December 13, 2014 · 10:26 am
Hemlock Tree: Source – Wikipedia
The way a crow
Shook down on me
The dust of snow
From a hemlock tree
Has given my heart
A change of mood
And saved some part
Of a day I had rued.
Although this is a short, it is very powerful.
The crow as a symbol represents death. This is heightened by the fact that the crow is in a hemlock tree, which also represents death. The reference to snow means the poem is set in winter, which is also symbolic of death. So in the first stanza, we have a triple death image that sets a dark and somber mood. But this changes in the second stanza.
Frost clearly states that his heart has “A change of mood.” I think that he is describing a scene at a cemetery where a hemlock is growing. It is likely he is actually attending a funeral, but there is no definitive evidence of that. What is clear, though, is that the crow knocking the snow from the hemlock branches has given him hope. My guess is that it is because hemlock is an evergreen tree and stays green throughout the winter. This would symbolize that life continues after death. So the hemlock tree becomes a symbol of death as well as a symbol of rebirth and regeneration. This alleviates the sadness he feels at the loss of his loved one.
Filed under Literature
Tagged as American literature, analysis, birds, cemetery, criticism, crow, death, funeral, hemlock, interpretation, literature, metaphor, poems, poetry, poets, reading, rebirth, Robert Frost, snow, sorrow, stanzas, symbol, symbolism, three, trees, winter
April 4, 2014 · 5:01 pm
Part 5 of the 6-part miniseries was pretty good, but not great, which seems to be consistent with this whole miniseries. I just find the Lone Gunmen to be a little too silly for my taste, even in the original television series. Frankly, I’ll be glad when this is over.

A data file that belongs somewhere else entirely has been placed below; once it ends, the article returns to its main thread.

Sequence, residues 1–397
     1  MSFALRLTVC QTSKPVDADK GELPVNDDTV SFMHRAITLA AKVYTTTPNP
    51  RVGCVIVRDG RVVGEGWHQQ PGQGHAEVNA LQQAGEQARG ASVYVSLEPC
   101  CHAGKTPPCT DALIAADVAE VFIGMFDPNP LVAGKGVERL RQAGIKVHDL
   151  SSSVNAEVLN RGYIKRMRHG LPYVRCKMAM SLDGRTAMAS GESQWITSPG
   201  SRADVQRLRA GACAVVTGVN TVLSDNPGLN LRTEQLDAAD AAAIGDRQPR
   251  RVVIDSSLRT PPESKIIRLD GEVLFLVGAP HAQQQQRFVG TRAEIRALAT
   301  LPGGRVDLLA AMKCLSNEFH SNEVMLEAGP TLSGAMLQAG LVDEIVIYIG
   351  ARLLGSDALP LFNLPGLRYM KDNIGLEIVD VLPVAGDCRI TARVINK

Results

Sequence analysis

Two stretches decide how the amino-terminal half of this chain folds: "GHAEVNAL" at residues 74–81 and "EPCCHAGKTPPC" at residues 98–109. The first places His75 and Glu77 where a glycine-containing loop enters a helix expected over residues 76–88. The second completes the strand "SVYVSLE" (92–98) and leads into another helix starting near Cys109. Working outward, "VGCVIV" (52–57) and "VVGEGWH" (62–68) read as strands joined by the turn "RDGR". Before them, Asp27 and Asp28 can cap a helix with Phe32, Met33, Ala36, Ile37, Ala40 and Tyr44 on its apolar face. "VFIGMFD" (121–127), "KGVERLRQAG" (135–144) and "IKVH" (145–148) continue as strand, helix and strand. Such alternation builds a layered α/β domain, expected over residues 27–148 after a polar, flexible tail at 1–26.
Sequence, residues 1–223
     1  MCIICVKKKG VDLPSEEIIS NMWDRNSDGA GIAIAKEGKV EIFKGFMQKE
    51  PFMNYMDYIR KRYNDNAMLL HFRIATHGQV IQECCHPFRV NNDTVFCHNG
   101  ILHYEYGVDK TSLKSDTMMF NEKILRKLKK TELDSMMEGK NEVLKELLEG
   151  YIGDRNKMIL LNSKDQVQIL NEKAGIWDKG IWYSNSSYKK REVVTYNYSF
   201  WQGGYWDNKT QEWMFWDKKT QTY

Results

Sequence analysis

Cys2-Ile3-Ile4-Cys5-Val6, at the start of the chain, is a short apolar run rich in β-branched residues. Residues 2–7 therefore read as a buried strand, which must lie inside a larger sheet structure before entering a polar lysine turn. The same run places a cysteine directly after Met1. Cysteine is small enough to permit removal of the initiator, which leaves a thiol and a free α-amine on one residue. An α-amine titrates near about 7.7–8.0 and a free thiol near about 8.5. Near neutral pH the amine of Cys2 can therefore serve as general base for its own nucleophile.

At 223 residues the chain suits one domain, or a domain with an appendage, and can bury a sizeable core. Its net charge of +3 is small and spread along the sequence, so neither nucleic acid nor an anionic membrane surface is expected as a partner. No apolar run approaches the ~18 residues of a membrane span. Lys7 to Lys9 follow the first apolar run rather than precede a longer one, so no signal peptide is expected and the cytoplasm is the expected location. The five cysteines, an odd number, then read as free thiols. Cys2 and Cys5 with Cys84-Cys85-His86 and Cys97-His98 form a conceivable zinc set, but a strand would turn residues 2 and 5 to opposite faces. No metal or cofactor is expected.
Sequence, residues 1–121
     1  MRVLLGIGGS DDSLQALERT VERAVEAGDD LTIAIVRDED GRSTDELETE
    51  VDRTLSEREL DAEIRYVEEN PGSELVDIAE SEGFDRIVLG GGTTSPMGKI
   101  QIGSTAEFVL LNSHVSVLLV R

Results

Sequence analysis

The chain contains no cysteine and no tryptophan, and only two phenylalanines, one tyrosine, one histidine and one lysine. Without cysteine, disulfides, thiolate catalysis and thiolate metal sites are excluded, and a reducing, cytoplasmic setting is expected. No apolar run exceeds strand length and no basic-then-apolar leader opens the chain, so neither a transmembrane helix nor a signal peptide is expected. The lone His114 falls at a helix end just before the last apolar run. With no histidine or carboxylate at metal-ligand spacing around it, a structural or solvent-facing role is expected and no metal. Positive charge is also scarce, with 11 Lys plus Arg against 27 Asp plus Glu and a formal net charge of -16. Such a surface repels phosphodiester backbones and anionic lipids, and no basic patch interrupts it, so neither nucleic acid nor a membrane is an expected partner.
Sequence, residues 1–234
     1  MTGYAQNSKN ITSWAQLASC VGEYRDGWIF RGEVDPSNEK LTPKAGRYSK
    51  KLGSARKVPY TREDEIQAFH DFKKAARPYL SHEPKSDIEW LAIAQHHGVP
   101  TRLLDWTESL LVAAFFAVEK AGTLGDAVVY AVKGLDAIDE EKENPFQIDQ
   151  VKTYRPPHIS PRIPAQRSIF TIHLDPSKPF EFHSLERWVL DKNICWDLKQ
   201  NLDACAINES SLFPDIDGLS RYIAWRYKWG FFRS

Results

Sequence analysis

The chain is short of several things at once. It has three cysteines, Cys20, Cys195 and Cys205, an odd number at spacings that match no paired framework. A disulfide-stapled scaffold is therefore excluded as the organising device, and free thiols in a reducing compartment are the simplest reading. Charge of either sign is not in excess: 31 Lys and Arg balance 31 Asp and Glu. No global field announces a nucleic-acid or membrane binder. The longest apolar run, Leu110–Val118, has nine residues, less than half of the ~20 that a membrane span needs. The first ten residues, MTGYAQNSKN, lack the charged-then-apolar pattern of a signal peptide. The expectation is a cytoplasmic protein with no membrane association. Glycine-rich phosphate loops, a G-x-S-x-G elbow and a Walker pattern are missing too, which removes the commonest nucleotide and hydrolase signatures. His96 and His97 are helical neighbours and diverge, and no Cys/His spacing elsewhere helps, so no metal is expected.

Having said that, there were some parts in this comic that I found interesting. I do like the Crow mythos, where the Crow shepherds the soul to the afterlife, unless there is unfinished business that needs to be addressed before the soul can cross to the other realm. I personally also consider birds to be omens. Every time in my life that I have had an unusual encounter with a bird, it was followed by an equally unusual event.
The other thing I found interesting in this issue was the references to NSA and their Prism program. I recently read an article in Wired magazine about this and wrote a blog post on the topic (click here to read the post). I actually thought that the way the writers of this comic tied the NSA events into the story worked exceptionally well.
The next issue will conclude the series. Even though it was only moderately interesting, I’ll still buy the copy when it comes out and post my thoughts here. I hate leaving stuff unfinished. It would be like reading a book, getting to the last chapter, and then tossing it aside. Not something I can do. I like closure.
Filed under Literature
Tagged as birds, comics, conspiracy, crow, geek, graphic novel, lone gunmen, nerd, NSA, omens, pop culture, prism, reading, wired magazine, writing, x-files
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